China's manufacturing industry revolution is in full swing as more and more factories introduce robots to take the place of human workers.
"Industrial robots will witness a 'golden period of development' in the next 20 to 30 years in China with the transformation and upgrading of Chinese manufacturing," Luo Jun, CEO of the International Robotics and Intelligent Equipment Industry Alliance, an industry thinktank, told the Global Times.
Meanwhile, service robots that can be used as domestic helpers and in hospitals, hotels and nursing homes are becoming increasingly known to the public.
Government initiatives to improve the quality of China's industries, such as "China Manufacturing 2025," have sought to support the country's robot industry.
China, which still relies on imports to meet its demand for robots, lags behind the West in robotic R&D and observers have pointed out that bridging this gap is key to the country becoming a world-leader in the sector.
In a workshop in Dongguan, South China's Guangdong Province, 150 robots do everything on the assembly line from processing raw materials to assembling finished products. Their owner, Vision Tool, specializes in designing and building the stamping implements used by automobile companies, including Volvo, Ford and Tesla, the news site thepaper.cn reported.
Vision Tool is the latest epitome of Dongguan's automated manufacturing. The first unmanned factory in Dongguan actually appeared two years ago. The Everwin Precision Technology Co introduced 60 pairs of mechanical arms to work 24 hours a day on 10 assembly lines, replacing 650 workers. The factory plans to eventually introduce 1,000 such machines and cut 80 percent of its workforce, the Xinhua News Agency reported in July 2015.
Manufacturers' demand for robots has led to the factories that produce these products also having to work around the clock.
China has more than 40 robotics industrial parks and 800 robot-manufacturing companies as of March. But most domestically-made robots are medium to low-end products, Xin Guobin, vice minister of the Ministry of Industry and Information Technology, told the media in March.
Sun Ying, deputy president of the Zhejiang Robot Association and head of a robotics firm in Hangzhou, told the Global Times that her company's sales revenue reached 200 million yuan ( million) last year, up from just 600,000 yuan in 2012 when the company was established.
Sun's company mainly provides industrial robots for the detection of flaws and measurements to the logistics, automobile and optical communication sectors.
"Most of our robots were sold to factories in southern China in the past, but starting this year, our market has expanded to European countries including Russia, the Czech Republic and Finland following China's Belt and Road initiative," Sun said.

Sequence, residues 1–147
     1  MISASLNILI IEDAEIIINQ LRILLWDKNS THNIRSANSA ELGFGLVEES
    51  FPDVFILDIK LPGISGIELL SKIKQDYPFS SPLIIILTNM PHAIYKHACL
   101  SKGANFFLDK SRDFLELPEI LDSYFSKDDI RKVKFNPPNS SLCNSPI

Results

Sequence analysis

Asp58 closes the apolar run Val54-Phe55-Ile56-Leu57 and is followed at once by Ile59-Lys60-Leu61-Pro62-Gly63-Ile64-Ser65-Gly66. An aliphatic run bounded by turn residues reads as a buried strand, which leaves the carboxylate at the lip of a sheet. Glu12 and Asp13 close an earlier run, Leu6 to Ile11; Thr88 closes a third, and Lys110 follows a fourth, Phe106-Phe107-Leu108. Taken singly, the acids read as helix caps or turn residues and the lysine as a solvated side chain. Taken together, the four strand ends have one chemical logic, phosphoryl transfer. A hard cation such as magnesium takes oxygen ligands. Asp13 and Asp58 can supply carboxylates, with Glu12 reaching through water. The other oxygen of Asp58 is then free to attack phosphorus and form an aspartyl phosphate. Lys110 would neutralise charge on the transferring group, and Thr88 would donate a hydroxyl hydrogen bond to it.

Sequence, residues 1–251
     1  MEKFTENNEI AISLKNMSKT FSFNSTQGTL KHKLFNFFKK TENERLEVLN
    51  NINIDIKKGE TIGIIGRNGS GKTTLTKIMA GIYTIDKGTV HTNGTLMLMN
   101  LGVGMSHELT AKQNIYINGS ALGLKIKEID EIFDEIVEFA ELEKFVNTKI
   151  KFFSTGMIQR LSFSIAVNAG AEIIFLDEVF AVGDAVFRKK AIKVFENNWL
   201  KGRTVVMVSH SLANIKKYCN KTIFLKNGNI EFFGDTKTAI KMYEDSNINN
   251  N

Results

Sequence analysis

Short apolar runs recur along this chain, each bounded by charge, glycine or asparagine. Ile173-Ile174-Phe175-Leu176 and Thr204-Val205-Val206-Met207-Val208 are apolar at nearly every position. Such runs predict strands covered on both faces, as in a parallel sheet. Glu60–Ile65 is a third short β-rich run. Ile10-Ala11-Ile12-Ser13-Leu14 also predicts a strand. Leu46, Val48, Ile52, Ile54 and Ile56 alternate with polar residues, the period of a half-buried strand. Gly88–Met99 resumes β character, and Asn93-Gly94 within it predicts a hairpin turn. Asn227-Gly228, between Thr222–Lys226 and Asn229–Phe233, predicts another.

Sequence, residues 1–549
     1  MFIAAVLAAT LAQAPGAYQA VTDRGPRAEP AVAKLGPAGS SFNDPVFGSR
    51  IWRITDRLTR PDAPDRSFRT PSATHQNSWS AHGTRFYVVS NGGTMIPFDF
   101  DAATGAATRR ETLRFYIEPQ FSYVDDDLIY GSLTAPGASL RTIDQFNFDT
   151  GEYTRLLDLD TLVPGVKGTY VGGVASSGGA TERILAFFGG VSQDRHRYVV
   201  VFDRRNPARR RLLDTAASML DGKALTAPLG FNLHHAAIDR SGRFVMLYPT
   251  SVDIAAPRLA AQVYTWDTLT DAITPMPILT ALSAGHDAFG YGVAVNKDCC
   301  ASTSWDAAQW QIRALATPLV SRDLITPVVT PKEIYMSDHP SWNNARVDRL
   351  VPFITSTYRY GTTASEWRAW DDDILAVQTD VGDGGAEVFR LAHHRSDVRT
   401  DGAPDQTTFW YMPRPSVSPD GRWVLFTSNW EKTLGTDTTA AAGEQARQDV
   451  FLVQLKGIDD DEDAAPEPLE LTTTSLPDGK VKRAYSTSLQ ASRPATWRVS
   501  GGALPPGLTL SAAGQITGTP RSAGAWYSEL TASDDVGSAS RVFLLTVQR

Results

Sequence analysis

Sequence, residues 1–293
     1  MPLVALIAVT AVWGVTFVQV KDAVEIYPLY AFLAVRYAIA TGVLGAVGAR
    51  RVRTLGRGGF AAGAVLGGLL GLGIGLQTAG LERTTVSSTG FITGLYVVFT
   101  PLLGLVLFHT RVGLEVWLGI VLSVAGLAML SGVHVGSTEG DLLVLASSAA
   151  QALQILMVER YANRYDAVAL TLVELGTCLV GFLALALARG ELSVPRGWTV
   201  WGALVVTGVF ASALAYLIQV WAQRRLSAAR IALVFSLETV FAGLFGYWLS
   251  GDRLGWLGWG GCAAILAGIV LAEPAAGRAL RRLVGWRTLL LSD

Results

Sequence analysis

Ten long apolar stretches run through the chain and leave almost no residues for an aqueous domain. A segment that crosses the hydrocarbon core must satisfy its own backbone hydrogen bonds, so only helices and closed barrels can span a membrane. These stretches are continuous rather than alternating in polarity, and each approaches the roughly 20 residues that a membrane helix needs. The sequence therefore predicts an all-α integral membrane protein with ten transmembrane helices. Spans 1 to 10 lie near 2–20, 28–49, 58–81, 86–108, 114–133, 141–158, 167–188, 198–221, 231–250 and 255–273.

Meanwhile, the company is also eyeing the service robot industry, establishing a new branch last year to develop medical robots for nursing homes, according to Sun.
The National Manufacturing Strategy Advisory Committee, a national advisory organ, said it predicts that more than 150,000 industrial robots will be sold in China by 2020, with more than 800,000 in service by then. The committee added that the sector will be worth tens of billions of yuan and will be globally competitive, thepaper.cn reported.
As China is a manufacturing power that has long been focused on labor-intensive industries, the transformation of its manufacturing needs robots to improve its automation level, Luo said.
But China has struggled to keep pace with Western countries in developing and researching robots, and the techniques behind core components of industrial robots, such as electrical machinery and controllers, are monopolized by Japan and Germany, according to Luo.
"Even in the domestic industrial robot market, Chinese robot companies only account for 20 percent, and the rest is occupied by foreign or joint venture companies," Luo said.
Meanwhile Sun said that the low standardization of Chinese factories results in a prolonged research period for Chinese robot companies and a waste of their manpower, as assembly lines vary a lot between different factories in the same industry.
To encourage Chinese scientists to develop robotic technology, China has allocated 600 million yuan for 42 robotics programs this year, the Ministry of Science and Technology said in August.
Luo suggested the government step up efforts to develop next generation robots which use artificial intelligence, in order to narrow the gap with Western developed countries.